Natural capital is an idea whose time has come. It takes the analysis of the environment to a new level - way beyond the conventional sustainability and sustainable development approaches which have dominated in the last couple of decades.
The reasons why natural capital is the way to think about the great environmental challenges we face is because of three characteristics. Natural capital is all about assets – the assets nature provides us with for free; it forces us to see the environment as a (or indeed the) key input into the economy – ending the apartheid between economic growth and protecting and enhancing the environment; and by focussing on capital maintenance, it makes a clear distinction between renewable and non-renewable assets.
The damage to the natural environment accelerated during the twentieth century, and now is already reducing economic growth and development. The threat of climate change is widely understood. Perhaps less so is the destruction of biodiversity and ecosystems – from the loss of the great rainforests to the declines of wild flowers, insects, birds and mammals. As these disappear this century, we will come to realise what we have lost, and how much of our economic well-being depends upon a flourishing natural environment.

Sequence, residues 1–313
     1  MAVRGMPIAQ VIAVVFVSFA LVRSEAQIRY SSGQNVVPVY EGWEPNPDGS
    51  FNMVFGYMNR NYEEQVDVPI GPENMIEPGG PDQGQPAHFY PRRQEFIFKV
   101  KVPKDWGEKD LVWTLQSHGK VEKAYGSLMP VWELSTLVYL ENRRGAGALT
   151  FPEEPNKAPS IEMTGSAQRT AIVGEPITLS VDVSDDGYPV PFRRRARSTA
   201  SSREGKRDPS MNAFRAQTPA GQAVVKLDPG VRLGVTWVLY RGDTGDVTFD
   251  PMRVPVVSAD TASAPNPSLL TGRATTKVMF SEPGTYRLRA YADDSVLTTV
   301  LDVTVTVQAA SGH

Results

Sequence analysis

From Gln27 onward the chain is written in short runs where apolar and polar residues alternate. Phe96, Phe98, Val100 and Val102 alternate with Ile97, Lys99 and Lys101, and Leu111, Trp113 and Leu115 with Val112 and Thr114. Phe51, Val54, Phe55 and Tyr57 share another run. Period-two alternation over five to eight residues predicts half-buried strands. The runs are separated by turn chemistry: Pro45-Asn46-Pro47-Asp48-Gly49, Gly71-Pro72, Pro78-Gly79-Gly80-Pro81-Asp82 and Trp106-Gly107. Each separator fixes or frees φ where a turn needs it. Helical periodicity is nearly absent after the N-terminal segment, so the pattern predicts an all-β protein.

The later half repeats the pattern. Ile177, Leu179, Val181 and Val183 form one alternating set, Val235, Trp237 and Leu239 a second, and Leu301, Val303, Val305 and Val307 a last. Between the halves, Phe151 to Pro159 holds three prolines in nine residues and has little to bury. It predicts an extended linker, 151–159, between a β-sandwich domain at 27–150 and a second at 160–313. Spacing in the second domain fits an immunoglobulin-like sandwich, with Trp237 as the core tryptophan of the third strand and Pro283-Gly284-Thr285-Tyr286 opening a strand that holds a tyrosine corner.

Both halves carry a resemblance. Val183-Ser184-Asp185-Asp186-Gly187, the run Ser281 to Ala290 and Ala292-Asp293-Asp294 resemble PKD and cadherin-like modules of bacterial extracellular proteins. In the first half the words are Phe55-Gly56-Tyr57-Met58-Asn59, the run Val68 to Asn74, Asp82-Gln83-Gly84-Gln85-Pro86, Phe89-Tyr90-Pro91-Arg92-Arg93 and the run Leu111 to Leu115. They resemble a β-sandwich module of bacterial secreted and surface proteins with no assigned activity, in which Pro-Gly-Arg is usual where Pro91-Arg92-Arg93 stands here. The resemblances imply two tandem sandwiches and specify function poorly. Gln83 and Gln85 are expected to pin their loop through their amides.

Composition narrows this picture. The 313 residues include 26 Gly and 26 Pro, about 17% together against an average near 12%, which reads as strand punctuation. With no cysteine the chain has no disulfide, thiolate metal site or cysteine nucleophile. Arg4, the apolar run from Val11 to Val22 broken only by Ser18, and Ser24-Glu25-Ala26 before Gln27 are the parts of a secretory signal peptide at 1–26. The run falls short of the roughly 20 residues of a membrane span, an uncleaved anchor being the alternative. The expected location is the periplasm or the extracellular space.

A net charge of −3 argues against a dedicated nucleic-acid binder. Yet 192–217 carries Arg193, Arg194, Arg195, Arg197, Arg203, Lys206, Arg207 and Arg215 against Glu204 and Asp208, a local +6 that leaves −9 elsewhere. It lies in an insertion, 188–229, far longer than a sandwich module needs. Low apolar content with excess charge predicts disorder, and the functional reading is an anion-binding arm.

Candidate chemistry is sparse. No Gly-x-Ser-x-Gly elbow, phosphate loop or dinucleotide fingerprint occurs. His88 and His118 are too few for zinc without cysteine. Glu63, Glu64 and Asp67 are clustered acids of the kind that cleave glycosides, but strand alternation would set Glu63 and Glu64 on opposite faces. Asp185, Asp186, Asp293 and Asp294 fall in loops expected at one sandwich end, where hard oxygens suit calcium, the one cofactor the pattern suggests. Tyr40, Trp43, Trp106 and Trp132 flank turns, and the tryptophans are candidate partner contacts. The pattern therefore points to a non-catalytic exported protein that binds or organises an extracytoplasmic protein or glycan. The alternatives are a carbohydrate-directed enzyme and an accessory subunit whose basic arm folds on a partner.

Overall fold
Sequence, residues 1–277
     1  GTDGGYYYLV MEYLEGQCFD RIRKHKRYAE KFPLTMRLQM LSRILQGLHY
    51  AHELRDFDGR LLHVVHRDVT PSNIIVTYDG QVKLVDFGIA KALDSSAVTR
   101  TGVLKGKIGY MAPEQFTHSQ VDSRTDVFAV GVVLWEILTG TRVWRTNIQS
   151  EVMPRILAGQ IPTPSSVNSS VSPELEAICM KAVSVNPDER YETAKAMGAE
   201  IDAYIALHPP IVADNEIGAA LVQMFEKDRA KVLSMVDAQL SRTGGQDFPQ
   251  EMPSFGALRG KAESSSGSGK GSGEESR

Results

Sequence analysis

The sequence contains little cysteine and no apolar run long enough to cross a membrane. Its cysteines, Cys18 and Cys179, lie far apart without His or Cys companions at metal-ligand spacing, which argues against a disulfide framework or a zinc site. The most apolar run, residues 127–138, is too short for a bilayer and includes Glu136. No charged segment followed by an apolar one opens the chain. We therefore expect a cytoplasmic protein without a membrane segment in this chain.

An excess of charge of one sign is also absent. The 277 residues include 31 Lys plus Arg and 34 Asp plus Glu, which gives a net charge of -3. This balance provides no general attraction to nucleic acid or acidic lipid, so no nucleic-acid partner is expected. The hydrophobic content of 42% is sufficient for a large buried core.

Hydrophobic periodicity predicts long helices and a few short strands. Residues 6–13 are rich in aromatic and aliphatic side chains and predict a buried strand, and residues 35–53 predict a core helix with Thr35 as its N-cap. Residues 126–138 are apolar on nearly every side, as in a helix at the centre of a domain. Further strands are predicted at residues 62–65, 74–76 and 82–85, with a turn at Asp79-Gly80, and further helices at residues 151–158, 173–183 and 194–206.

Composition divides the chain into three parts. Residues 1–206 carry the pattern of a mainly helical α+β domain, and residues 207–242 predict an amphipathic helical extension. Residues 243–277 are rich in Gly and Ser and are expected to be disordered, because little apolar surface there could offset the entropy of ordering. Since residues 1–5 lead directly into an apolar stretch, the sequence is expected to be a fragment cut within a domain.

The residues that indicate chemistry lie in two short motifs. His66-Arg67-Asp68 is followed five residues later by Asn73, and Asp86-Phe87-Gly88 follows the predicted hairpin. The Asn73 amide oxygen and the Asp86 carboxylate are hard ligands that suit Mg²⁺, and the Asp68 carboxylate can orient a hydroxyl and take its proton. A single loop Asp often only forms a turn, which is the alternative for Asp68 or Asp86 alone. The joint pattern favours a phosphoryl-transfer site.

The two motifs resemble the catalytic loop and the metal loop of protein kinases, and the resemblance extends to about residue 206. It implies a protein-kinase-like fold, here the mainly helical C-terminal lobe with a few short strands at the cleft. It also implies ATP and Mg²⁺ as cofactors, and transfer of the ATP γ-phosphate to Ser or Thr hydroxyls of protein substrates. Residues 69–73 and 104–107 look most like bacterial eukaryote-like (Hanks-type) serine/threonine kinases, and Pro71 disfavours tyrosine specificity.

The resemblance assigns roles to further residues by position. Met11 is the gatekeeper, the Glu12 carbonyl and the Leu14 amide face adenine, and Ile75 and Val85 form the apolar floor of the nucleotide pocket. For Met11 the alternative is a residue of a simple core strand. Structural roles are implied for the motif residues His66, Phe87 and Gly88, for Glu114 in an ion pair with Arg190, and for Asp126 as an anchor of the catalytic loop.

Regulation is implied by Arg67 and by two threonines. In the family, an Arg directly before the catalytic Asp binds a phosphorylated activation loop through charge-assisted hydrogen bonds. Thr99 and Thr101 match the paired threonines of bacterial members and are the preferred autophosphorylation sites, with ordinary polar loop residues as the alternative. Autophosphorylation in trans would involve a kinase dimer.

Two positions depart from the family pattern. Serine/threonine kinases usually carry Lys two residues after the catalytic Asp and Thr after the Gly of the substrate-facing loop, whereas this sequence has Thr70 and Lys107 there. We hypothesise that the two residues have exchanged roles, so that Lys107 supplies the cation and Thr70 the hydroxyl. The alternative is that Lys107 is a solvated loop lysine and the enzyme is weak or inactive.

To stop the rot, we need to keep the aggregate of natural capital from falling further. Indeed it needs to be improved. Not everything can be preserved, but what is damaged should be compensated for with gains elsewhere. Natural capital needs to be maintained and enhanced. For non-renewables – natural capital that can only be used once (such as oil, gas and minerals) –is a matter of which generation uses it. But when it is depleted there needs to be compensation, and the surplus revenues should be used to protect and enhance renewables - the natural capital model just keeps on giving, provide we do not deplete it below the critical thresholds.
BREXIT will be played out in negotiations across a large range of policies. Amongst these, agriculture stands out. In terms of spending, the EU is mainly the Common Agricultural Policy. In the mid 1980s, it accounted for 70% of EU spending, and it has...
Green bonds have been proposed as a way to increase funding for improvements in the natural environment in general, and in natural capital in particular. This note identifies some of the core issues in thinking through how they would work in practice.